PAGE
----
Global Womanhood
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Women Shea Producers

In West Africa, Shea butter is called “Women’s Gold” because women use the proceeds to feed, clothe, and educate their children. 16 million African women make a living picking Shea nuts and processing Shea butter.

Beautiful Women: Shea Community

We source our Shea Butter directly from women run cooperatives in the rural areas of Nigeria and Ghana. We do this because it ensures that we get the finest quality hand-crafted Shea butter that delivers the best results for our customers. Most importantly, direct trading with Shea producers removes the middlemen, placing revenue in the hands of the women who have earned it.

At Shea Radiance, we know that when a women is financially empowered, she can change the lives of her children and community. We are inspired by the strength, beauty & dignity of the women who harvest & process our Shea butter. Together we can make a difference in the lives of women and their communities. Here are some of their stories:



"May name is Habiba. I have 4 children. Mrs. Funlayo started working with our co-op group in 2011 -2012. Producing Shea butter and having a steady market for my Shea product has changed my life. I no longer have to toil doing subsistence farming. Three of my four children are in school. My hopes and aspirations include helping my children further their education, having them nicely clothed and having enough money to do other types of business."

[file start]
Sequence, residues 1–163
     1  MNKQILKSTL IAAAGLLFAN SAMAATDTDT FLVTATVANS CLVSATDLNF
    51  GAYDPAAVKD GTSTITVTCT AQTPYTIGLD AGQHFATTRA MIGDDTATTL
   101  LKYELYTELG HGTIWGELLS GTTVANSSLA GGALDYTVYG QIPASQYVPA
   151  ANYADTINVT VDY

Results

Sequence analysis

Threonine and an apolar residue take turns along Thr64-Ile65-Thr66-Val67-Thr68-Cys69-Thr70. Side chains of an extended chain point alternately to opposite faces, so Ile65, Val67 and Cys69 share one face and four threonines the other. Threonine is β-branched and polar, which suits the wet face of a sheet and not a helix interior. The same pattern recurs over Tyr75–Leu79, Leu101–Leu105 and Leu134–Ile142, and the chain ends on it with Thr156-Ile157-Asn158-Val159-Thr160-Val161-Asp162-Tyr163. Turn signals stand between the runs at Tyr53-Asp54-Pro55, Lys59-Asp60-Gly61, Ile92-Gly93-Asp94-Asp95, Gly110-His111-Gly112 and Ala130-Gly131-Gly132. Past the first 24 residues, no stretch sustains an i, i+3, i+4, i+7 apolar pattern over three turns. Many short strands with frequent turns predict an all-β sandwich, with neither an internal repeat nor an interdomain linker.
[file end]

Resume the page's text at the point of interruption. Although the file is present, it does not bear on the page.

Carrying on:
“My name is Ramatu. I am from Niger State. I used to go into the forest to cut down trees to sell as firewood. Hauling firewood was hard back breaking work for me. Now I am into Shea butter processing, with the help of Shea Radiance. I have 6 children. Now I am earning more money from Shea butter production unlike before, and now I am getting more money to buy things for myself (i.e cooking supplies). If there is no Shea butter production that means I am left with nothing. Shea butter has done a lot of good things for me.



“My name is Aisha. I support my family by the buying and selling of farm products; I also work on Shea butter production. I have 5 children, 3 are in school the other 2 are at home. If I can sell more Shea butter, I can have more money for my children. I would also be able to send my other children to school. If there is no Shea butter then there is no school, there is nothing because there is no money.”

When you empower a woman, you strengthen a family and transform a community, and that is how a really great jar of cream can change the world.